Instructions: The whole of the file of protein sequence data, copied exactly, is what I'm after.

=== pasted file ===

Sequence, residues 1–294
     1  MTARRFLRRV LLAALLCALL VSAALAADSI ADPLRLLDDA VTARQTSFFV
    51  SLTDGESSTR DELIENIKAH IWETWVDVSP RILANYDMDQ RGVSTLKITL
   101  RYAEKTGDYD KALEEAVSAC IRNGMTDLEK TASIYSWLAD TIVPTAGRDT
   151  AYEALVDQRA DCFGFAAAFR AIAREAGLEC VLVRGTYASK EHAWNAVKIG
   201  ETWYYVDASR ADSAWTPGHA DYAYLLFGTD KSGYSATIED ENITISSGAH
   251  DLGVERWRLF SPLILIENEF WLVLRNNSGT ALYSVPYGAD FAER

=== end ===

Sequence, residues 1–294
     1  MTARRFLRRV LLAALLCALL VSAALAADSI ADPLRLLDDA VTARQTSFFV
    51  SLTDGESSTR DELIENIKAH IWETWVDVSP RILANYDMDQ RGVSTLKITL
   101  RYAEKTGDYD KALEEAVSAC IRNGMTDLEK TASIYSWLAD TIVPTAGRDT
   151  AYEALVDQRA DCFGFAAAFR AIAREAGLEC VLVRGTYASK EHAWNAVKIG
   201  ETWYYVDASR ADSAWTPGHA DYAYLLFGTD KSGYSATIED ENITISSGAH
   251  DLGVERWRLF SPLILIENEF WLVLRNNSGT ALYSVPYGAD FAER